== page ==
Dodgers edged by White Sox at home

Dodgers edged by White Sox at home

Published Jun. 16, 2012 10:59 p.m. ET

LOS ANGELES (AP) -- Taking his game to the next level has always been a problem for Chad Billingsley, who continues to have extreme difficulty putting any kind of substantial winning streak together for the Los Angeles Dodgers.

Billingsley hasn't won three consecutive starts in more than a year, and his 5-4 loss to the Chicago White Sox on Saturday night was a perfect example of why. The right-hander was charged with five runs and eight hits over six innings, including an unearned run that came one inning after his teammates had rallied from four runs down to tie.

"The biggest thing that we've talked about with Chad is just consistency," manager Don Mattingly said. "I think the inconsistency is what's keeping him from going forward. But that's a pretty good ballclub over there, too. I mean, we're not talking about a team that can't hit."

Billingsley (4-5) was coming off consecutive road victories against Philadelphia and Seattle in which he allowed a run over seven innings each time. But before that, he went a career-worst nine straight starts without a win -- including five no-decisions.

Billingsley's best season was 2008, when he finished 16-10 with a career-low 3.14 ERA. But in 109 starts since then, he is just 39-38 with a 3.78 ERA -- and 15-16 with a 4.07 ERA in 46 starts since signing a four-year, $41.3 million contract extension just before opening day last year.

"Obviously, he's a very talented individual. But there's a maturation process, and he's going through something right now that probably is very frustrating," said White Sox reliever Will Ohman, a teammate of Billingsley's in 2009.

"What you have to look at, for the most part, is whether a guy's effort level, attitude and concentration is there. And over time it will correct itself," Ohman added. "This game will show you over the course of 162 exactly who you are. I think what everyone in this game is searching for is consistency and the ability to maintain the same exact approach every day. But I wouldn't say it's anything to concern management with. He'll be fine."

Los Angeles got only nine hits off six different Chicago pitchers, six of which came during their four-run fourth. Billingsley had two singles, including a leadoff hit in the fourth -- but the Dodgers didn't get another one after that.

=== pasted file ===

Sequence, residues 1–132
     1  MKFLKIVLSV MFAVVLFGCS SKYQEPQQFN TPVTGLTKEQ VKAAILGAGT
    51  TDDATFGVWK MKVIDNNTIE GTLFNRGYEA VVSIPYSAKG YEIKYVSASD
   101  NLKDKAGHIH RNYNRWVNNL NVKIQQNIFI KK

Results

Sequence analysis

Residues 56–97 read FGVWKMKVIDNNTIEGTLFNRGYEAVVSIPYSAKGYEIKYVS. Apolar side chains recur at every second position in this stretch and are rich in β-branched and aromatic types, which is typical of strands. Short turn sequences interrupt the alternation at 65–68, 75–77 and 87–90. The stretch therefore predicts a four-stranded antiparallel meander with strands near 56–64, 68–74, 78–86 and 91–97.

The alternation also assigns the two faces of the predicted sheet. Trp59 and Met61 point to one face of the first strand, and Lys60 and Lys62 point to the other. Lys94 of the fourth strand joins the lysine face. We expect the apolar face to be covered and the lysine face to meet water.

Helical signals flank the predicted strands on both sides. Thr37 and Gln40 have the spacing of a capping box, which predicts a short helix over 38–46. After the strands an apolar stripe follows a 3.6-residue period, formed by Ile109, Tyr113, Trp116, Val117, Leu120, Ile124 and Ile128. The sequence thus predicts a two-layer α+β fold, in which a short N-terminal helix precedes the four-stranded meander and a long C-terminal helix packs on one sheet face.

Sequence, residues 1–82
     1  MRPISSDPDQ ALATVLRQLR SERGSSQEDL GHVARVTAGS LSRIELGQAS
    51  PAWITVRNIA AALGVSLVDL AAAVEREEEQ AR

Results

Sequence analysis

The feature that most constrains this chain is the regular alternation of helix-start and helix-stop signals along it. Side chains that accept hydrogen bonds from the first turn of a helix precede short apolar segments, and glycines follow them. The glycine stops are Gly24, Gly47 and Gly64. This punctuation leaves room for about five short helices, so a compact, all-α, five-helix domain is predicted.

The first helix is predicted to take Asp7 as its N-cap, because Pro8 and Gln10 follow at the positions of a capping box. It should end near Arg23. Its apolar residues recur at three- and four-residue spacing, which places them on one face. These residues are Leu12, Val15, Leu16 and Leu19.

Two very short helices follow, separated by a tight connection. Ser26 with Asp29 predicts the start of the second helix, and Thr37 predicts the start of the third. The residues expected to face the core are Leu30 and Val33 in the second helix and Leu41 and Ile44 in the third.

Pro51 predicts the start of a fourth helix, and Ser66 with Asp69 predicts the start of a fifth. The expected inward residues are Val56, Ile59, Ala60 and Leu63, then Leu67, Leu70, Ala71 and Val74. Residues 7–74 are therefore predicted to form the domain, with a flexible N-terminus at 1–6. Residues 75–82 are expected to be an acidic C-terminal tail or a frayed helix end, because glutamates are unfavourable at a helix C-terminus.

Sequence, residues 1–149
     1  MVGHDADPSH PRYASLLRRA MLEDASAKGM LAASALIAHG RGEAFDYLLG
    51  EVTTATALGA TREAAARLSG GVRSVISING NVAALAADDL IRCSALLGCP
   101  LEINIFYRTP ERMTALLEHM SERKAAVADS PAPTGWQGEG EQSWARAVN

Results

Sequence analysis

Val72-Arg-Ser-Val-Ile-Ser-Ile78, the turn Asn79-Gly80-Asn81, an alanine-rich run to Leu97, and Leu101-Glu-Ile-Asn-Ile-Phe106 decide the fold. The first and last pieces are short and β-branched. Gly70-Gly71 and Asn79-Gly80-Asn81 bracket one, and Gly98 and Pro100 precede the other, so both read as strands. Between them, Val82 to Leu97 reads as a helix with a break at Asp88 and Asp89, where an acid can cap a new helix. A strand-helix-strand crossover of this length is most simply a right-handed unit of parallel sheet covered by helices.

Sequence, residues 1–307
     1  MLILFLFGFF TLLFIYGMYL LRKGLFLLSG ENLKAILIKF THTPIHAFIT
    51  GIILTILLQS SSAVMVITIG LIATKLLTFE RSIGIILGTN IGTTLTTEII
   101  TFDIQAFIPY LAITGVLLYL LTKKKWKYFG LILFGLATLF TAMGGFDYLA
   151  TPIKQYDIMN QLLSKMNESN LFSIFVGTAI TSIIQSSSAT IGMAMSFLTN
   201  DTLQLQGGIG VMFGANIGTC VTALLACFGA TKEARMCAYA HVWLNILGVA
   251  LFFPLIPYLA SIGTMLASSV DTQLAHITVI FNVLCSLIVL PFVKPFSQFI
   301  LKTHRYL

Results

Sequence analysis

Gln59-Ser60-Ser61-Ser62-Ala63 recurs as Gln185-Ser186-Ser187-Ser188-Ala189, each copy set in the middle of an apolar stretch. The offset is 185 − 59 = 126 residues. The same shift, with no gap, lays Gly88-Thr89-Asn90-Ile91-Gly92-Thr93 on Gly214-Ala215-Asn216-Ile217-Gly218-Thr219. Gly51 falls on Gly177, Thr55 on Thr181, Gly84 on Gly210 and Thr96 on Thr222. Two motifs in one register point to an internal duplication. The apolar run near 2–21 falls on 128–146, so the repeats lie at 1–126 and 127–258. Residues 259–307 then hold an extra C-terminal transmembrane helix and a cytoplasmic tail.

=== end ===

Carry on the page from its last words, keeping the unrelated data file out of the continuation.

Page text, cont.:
Alexei Ramirez opened the scoring with a two-run single for the White Sox and scored the go-ahead run in the fourth on a fielder's choice grounder by Alejandro De Aza. The rally started when Ramirez was plunked on the left elbow as he squared around to bunt. He stole second and advanced when second baseman Jerry Hairston Jr. misplayed Orlando Hudson's grounder for an error.

Philip Humber (3-4) threw 99 pitches over five laborious innings, but got the victory after allowing four runs and nine hits. The right-hander, one of 22 pitchers to throw a perfect game in the majors and the only one to do it after undergoing Tommy John surgery, is 2-4 with a 7.47 ERA in 10 starts since his gem on April 21 at Seattle.

Addison Reed posted his eighth save in as many chances with a perfect ninth to help end a three-game skid by the AL Central leaders.

The Dodgers, whose 41-25 record is still the best in baseball, squandered a great chance in fourth. Humber walked NL RBI leader Andre Ethier with two outs and then uncorked a wild pitch over Hairston's head, putting two runners in scoring position. But shortstop Ramirez came to Humber's rescue with a diving catch in front of second base on a popup that Hairston hit off the fists.

The White Sox made the most of their opportunity in the second, taking a 3-0 lead on a two-run single by Ramirez and a run-scoring single down the right field line by Humber -- his first major league hit.

"Overall I felt pretty good, but my fastball command was off and on tonight," Billingsley said. "I just tried to keep pitching, keep my focus and try to get our of some difficult jams. The pitch to Ramirez was a two-seam fastball that was in off the plate and in on his hands, but he fought it off and got it over the infield. You can't do anything about that."

Alex Rios made it 4-0 in the third with a two-out RBI triple that was misjudged at the warning track by Elian Herrera, who was starting in center field for only the fifth time since making his major league debut on May 15.

"I don't think any of us have seen him throw a pitch all year since spring training, so I don't think we went into the game knowing anything in particular," Paul Konerko said of Billingsley. "He throws a lot of strikes, and he's got a sinker that cuts. But we just put a couple of good swings on some balls early, and a couple more just fell in that weren't hit hard. So that always helps. But it's not like we killed him. We were just nickle-and-diming him."

But the Dodgers tied it with four runs in the bottom half, getting a bases-loaded sacrifice fly from Hairston and two-out RBI singles by Bobby Abreu, A.J. Ellis and James Loney. In Friday night's series-opening 7-6 victory, the Dodgers overcame a 5-1 deficit with a five-run sixth.

NOTES: Tommy Lasorda returned to Dodger Stadium for the first time since his mild heart attack on June 4 in New York, where he was representing the club at the free agent draft. It was the second such episode for the 84-year-old Lasorda, whose first one in 1996 forced him to give up managing the Dodgers in his 20th season at the helm. Lasorda went on to pilot Team USA to an Olympic Gold Medal at Sydney, Australia in 2000, and was back in a Dodger uniform on Sept. 22 when Mattingly invited him to spend the game in the dugout as one of his coaches.